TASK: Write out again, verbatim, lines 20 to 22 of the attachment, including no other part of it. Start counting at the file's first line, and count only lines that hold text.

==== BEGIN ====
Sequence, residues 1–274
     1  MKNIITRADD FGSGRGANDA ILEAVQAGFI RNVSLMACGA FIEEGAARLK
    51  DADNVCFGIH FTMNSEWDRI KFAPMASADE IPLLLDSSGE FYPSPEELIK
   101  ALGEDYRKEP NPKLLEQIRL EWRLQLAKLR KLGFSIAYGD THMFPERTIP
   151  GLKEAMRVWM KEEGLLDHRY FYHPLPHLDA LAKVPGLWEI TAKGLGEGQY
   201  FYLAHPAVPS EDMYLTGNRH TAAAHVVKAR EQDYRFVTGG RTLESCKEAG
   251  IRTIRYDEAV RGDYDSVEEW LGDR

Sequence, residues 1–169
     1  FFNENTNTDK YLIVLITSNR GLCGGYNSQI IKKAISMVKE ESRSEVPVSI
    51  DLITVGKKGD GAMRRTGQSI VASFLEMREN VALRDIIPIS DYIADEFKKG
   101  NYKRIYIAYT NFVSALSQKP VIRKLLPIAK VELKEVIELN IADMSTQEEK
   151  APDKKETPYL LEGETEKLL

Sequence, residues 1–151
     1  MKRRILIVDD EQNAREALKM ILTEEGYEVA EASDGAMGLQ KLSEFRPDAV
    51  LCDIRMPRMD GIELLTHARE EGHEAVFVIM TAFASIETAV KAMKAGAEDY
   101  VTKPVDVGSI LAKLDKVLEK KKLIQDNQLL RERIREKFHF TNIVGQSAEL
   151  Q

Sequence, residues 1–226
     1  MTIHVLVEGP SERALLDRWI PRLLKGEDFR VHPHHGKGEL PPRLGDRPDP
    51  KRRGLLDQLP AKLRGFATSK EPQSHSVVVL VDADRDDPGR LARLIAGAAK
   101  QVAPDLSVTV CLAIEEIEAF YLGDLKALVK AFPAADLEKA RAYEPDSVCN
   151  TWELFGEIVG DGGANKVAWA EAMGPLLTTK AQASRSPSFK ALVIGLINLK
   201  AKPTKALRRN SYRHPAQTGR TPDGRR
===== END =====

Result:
    51  KRRGLLDQLP AKLRGFATSK EPQSHSVVVL VDADRDDPGR LARLIAGAAK
   101  QVAPDLSVTV CLAIEEIEAF YLGDLKALVK AFPAADLEKA RAYEPDSVCN
   151  TWELFGEIVG DGGANKVAWA EAMGPLLTTK AQASRSPSFK ALVIGLINLK